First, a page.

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4:34am

Sat January 12, 2013
Books

The Seedy Underbelly Of The Belle Epoque, 'Painted'

Originally published on Mon January 14, 2013 11:54 am

Just who is The Little Dancer, Aged 14? Who is the actual girl, cast 2/3 of her life size by Edgar Degas?

That little dancer was Marie van Goethem, one of three sisters left to fend for themselves after their father dies and their mother begins spending her washerwoman's income on absinthe.

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1:03am

Sat January 12, 2013
Music Interviews

A Night Out With Sam Cooke: 'Harlem Square' Turns 50

Originally published on Sat January 12, 2013 11:08 am

Sam Cooke in the studio in the early 1960s.
Courtesy of Legacy Recordings

Fifty years ago Saturday, Sam Cooke stepped onstage at a club in Miami. He'd come a long way to get there.

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5:56am

Sat January 5, 2013
Africa

Congo's Tutsi Minority Enveloped In Complex Conflict

Originally published on Sat January 5, 2013 8:59 am

Transcript

LINDA WERTHEIMER, HOST:

It's hard to tell whether the ongoing conflict in Eastern Congo is a battle between rival ethnic groups or a fight for resources. There are so many militant groups in Eastern Congo with so many shifting alliances and demands. But a tiny ethnic minority in Congo has been at the center of this conflict for the past 20 years. NPR's Gregory Warner tells their story from the Eastern Congoli city of Goma.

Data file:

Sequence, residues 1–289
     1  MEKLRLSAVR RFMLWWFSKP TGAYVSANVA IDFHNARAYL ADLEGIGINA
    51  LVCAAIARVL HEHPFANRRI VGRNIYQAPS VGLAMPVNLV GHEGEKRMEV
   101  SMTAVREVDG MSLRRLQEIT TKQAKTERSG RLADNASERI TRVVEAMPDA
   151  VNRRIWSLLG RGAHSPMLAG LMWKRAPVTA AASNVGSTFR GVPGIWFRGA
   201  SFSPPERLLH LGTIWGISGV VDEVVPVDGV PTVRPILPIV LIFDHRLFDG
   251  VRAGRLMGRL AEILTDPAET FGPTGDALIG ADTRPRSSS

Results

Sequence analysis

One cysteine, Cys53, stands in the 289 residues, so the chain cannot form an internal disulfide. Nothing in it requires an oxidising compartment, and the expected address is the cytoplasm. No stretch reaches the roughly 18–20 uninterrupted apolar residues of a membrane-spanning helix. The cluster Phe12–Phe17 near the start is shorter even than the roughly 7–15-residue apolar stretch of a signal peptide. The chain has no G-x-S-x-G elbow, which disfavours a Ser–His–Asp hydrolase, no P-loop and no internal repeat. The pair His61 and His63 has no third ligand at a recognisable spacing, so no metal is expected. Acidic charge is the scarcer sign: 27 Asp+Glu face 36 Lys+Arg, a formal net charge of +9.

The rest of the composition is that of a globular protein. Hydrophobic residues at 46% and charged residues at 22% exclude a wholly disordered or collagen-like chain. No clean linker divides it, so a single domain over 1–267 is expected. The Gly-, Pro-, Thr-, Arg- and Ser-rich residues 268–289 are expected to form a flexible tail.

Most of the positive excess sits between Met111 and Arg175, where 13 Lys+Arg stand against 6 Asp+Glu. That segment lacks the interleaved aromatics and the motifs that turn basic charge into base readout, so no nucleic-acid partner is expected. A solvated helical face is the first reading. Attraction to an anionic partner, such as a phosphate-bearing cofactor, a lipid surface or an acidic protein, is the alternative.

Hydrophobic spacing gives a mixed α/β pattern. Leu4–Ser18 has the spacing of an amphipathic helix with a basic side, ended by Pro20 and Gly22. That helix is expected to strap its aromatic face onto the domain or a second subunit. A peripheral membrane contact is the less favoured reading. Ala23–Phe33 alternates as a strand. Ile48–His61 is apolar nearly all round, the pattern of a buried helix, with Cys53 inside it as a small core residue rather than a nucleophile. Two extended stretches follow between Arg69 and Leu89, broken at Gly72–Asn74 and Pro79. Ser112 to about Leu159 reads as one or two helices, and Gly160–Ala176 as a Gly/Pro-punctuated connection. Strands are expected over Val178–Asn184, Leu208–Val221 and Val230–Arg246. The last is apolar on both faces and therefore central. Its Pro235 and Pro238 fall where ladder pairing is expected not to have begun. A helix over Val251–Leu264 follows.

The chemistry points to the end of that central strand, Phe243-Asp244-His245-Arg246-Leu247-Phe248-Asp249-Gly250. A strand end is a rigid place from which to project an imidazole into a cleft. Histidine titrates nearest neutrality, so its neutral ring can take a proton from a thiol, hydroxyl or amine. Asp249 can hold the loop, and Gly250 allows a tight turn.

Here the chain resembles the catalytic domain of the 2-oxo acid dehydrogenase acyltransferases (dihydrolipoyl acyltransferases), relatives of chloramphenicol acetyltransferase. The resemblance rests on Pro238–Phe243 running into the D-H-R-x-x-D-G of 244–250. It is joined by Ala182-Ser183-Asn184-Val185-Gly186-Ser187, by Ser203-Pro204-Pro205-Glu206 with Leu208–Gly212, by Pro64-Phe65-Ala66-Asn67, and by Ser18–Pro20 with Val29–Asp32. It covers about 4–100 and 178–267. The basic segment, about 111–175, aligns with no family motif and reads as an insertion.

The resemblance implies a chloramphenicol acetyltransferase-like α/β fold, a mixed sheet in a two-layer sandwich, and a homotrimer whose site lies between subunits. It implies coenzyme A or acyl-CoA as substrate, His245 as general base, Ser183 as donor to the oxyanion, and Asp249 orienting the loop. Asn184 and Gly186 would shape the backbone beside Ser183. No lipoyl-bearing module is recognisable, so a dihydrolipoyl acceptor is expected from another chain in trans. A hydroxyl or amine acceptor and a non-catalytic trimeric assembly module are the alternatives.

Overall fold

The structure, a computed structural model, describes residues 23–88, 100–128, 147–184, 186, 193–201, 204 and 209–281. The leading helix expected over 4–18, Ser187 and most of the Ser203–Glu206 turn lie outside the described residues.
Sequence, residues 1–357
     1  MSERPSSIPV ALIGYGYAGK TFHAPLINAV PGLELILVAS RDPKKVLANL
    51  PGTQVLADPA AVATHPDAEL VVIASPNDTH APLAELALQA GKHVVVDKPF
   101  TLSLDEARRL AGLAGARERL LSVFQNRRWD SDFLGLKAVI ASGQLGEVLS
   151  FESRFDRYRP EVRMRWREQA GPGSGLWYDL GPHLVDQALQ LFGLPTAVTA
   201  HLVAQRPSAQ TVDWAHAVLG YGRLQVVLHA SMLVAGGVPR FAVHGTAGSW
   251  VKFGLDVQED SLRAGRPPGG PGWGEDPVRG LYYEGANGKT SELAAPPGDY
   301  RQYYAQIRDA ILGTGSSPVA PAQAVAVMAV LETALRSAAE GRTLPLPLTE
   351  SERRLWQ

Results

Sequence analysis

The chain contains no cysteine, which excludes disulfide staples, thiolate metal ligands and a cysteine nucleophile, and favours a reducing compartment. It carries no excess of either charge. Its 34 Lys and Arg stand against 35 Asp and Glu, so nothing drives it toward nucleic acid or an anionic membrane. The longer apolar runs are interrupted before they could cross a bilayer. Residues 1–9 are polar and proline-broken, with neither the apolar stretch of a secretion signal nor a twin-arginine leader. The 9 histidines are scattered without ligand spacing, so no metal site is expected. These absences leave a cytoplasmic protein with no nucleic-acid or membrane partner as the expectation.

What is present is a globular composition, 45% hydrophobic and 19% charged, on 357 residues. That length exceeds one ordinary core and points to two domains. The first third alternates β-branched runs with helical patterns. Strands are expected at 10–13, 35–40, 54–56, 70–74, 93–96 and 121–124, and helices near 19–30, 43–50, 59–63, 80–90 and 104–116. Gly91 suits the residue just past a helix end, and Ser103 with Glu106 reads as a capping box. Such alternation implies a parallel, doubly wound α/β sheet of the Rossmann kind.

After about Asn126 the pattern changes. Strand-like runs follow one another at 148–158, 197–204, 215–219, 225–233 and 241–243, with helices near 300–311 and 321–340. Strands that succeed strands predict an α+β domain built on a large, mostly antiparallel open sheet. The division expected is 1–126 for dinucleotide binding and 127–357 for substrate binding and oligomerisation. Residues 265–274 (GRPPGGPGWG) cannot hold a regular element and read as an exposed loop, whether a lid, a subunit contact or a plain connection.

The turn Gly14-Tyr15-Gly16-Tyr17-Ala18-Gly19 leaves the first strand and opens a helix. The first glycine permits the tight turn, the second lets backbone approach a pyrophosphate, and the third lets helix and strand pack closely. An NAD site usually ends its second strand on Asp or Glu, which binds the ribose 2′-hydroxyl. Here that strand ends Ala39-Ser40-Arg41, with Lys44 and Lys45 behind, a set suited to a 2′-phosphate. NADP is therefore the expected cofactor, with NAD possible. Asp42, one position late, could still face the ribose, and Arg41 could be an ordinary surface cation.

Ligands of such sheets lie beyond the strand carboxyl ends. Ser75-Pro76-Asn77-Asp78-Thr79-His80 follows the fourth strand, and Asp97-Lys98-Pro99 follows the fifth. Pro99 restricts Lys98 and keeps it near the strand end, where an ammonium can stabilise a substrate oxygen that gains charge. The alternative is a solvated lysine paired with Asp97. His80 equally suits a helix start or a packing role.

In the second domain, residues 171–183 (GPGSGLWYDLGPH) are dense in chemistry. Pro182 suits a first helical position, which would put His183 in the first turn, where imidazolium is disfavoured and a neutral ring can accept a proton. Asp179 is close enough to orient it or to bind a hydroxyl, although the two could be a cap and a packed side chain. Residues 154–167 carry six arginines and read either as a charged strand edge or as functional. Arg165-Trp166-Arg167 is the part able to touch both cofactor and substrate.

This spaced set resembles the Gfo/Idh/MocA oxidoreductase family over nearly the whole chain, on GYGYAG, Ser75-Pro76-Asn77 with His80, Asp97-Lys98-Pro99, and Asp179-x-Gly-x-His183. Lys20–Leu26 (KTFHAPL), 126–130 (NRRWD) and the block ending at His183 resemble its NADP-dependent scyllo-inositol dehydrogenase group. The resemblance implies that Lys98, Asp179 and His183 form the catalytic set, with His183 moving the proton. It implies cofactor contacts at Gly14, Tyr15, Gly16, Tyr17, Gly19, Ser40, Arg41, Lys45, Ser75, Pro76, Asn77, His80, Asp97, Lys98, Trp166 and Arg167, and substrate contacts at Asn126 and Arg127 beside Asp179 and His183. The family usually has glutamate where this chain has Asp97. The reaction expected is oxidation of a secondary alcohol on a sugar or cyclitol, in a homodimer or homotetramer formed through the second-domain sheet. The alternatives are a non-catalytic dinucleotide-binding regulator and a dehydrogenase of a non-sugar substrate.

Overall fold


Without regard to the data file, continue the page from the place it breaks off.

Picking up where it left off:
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5:53am

Sat January 5, 2013
NPR Story

'The Americans': Looking Back On The Cold War 'Fondly'

Originally published on Sat January 5, 2013 8:59 am

Transcript

LINDA WERTHEIMER, HOST:

The end of football is in sight, so what to do with that couch? What about another classic rivalry? An old fashioned spy versus spy Cold War drama?

(SOUNDBITE OF TV SHOW, "THE AMERICANS")

MATTHEW RHYS: (as Phillip) Super secret spies living next door. They look like us, they speak better English than we do. According to Misha, they're not allowed to say a single word in Russian once they get here. I mean, come on. Someone's been reading too many spy novels. Talking figment of the imagination.

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5:53am

Sat January 5, 2013
NPR Story

Pakistani Cafe Is Oasis In Desert Of Civil Discourse

Originally published on Sat January 5, 2013 8:59 am

Transcript

LINDA WERTHEIMER, HOST:

In Pakistan, there's a cafe called the Second Floor. It's listed in a local Karachi social blog as one of the coolest cafes in town. Since it opened its doors five years ago, it's become a haven in a city more known for its violence than its civil discourse. NPR's Dina Temple-Raston paid a visit.